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Samuel P. Taylor State Park

Samuel P. Taylor State Park, 15 miles west of San Rafael on Sir Francis Drake Boulevard, displays beautiful fall colors with the change of the Big-leaf maple tree leaves. The park also features hillside trails for hikers, equestrians and bicyclists as well as charming picnic areas. There are also creeks, open grassland, and redwood canyons in the park. For more information call (415) 488-9897.

Park History

In 1849, shortly after hearing about the great gold discovery in California, Samuel Penfield Taylor and a group of adventurous young friends purschased an old schooner, fitted her out and set sail for California from Boston Harbor. Ten months later, after several stopovers for emergency repair work, the little schooner finall arrived in San Francisco Bay.

Taylor did some business in San Francisco and then joined his friends in the gold country. Two years later, in August 1852, he shipped 6,173 pennyweight of gold to Curtis, Perry and Ward, his San Francisco bankers. The dust netted him $5,691.99 and gave him his start in California.

Back in San Francisco, Taylor entered the lumber business and shortly afterward purchased 100 acres of timberland along what is now Papermill Creek within the present state park. Timber was plentiful but Taylor did not go into the logging business. Instead he built a papermill and installed a paper-making process that utilized only scrap paper and rags gathered from San Francisco and other coastal towns. The mill produced newsprint for the dailies in San Francisco, fine paper for use as election ballots and other official documents, and square bottomed paper bags, which were quite a novelty at the time.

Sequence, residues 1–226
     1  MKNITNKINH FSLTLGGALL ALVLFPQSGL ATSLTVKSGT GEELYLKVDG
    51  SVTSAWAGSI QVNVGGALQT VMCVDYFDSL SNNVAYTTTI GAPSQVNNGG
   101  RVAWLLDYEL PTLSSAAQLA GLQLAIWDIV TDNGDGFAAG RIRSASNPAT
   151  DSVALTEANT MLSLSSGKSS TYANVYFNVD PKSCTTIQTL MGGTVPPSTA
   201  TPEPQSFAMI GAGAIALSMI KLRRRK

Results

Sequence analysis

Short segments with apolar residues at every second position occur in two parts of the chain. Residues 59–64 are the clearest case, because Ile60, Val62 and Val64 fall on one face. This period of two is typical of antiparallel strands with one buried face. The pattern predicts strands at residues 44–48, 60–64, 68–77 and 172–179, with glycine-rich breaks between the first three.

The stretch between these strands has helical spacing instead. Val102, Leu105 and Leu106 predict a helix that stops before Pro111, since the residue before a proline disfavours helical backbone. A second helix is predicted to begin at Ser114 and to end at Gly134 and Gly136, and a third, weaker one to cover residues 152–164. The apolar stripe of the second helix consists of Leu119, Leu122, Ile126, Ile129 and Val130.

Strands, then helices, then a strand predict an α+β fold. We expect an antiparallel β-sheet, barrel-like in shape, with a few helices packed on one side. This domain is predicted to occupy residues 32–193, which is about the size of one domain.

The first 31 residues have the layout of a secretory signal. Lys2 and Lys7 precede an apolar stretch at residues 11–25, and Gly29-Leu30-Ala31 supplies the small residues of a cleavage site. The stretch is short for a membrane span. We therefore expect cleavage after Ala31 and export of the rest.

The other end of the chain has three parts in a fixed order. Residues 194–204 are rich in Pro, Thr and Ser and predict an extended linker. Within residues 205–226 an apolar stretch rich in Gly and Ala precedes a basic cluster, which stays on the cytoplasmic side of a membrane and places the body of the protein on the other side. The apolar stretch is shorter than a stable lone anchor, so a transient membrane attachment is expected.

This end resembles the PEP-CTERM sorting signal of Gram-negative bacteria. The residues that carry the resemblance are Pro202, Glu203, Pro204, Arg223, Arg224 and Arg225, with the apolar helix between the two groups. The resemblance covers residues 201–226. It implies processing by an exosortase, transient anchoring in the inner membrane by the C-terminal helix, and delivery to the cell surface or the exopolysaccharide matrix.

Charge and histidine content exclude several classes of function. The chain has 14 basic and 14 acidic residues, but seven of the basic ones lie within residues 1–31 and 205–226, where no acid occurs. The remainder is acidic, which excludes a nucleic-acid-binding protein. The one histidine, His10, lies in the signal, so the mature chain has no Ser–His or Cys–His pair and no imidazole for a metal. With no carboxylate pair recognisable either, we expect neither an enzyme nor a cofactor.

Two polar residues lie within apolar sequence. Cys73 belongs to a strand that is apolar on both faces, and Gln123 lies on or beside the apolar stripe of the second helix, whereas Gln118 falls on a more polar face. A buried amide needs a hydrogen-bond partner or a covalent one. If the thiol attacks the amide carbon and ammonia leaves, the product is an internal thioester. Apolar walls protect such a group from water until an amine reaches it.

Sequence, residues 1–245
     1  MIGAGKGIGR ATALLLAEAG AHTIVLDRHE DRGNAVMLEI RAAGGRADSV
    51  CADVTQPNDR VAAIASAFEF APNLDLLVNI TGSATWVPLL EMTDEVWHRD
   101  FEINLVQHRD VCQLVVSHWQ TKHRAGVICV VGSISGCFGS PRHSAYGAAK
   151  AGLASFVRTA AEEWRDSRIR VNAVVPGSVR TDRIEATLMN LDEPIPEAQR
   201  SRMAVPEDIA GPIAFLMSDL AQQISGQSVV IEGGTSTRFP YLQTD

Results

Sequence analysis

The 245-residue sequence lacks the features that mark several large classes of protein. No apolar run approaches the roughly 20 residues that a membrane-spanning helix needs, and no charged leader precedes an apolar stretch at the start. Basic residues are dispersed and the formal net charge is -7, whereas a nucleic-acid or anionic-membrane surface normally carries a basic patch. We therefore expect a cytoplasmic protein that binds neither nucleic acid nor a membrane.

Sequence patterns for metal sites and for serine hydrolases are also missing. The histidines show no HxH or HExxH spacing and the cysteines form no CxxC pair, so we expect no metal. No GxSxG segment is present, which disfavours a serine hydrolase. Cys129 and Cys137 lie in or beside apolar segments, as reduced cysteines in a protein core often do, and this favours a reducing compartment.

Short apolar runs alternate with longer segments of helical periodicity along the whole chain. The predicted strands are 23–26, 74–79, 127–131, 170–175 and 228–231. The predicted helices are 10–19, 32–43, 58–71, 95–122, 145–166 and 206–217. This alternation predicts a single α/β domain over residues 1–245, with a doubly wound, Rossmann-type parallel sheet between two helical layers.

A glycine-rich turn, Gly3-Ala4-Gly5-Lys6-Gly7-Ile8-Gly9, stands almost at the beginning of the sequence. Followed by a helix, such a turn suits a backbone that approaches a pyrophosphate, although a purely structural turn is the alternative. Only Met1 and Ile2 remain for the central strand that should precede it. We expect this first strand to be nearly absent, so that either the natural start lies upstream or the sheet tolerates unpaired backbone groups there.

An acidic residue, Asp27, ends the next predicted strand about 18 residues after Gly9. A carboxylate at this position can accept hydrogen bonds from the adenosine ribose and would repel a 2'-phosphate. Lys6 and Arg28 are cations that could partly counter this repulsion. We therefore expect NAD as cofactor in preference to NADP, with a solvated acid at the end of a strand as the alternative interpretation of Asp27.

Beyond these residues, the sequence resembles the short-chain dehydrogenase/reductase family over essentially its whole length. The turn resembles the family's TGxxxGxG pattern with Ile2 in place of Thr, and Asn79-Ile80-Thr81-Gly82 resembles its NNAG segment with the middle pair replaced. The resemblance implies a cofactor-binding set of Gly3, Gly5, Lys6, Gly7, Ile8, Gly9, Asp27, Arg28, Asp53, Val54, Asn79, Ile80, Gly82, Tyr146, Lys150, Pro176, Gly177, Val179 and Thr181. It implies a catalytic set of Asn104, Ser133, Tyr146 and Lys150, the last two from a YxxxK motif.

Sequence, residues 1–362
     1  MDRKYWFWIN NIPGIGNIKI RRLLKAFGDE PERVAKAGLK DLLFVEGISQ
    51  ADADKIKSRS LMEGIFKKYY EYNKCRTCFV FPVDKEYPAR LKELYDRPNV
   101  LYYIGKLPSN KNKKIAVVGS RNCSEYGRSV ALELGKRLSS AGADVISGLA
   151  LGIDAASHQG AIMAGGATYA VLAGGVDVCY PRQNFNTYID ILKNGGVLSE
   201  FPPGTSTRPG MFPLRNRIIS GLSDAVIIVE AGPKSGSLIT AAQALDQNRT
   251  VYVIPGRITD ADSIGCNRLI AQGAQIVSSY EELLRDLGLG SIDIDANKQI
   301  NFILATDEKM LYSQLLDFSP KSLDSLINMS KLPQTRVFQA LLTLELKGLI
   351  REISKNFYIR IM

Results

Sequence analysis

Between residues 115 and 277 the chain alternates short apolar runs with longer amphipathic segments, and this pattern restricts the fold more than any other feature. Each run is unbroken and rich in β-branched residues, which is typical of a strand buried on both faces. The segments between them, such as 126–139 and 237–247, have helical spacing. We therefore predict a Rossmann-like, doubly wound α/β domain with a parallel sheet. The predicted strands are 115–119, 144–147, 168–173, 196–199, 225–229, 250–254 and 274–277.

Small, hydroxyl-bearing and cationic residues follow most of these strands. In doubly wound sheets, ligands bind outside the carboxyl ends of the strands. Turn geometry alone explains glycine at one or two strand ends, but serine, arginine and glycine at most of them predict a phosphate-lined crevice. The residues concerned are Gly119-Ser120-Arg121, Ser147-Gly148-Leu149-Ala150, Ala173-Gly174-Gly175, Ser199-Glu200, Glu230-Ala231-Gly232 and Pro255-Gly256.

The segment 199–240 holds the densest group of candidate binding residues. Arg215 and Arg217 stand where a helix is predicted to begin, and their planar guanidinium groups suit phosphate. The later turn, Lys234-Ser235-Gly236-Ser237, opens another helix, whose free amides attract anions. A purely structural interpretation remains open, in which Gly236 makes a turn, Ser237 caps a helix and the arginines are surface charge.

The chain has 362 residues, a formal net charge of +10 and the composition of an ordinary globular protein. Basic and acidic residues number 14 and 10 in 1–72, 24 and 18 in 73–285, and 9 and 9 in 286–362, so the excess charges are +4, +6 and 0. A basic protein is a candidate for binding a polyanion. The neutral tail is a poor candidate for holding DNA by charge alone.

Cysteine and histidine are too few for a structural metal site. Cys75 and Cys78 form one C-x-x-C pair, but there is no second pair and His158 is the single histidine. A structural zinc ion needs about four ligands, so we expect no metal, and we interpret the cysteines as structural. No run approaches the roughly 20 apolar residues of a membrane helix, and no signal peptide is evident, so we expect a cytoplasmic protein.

Mill Monument

Thirty thousand kegs of blasting powder were manufactured in a powder mill that Taylor built and
operated at another site in the canyon. The mill was an extremely profitable venture at first, but Taylor's dream of becoming a major black-powder supplier ended with a violent explosion in November 1874. The mill never reopened.

A little town with about 100 families sprang up around Taylor's paper mill. Access to the area remained difficult, however, until 1874 when a narrow-gage railroad was built through the canyon to serve the Point-Reyes-Tomales Bay area. Taylor built a resort hotel beside the new railroad, and opened Camp Taylor, one of the first areas in the United States to offer outdoor camping as a recreational pursuit. During the late 1870's and early 1880's Taylorville was one of northern California's most popular and well known weekend recreation areas.

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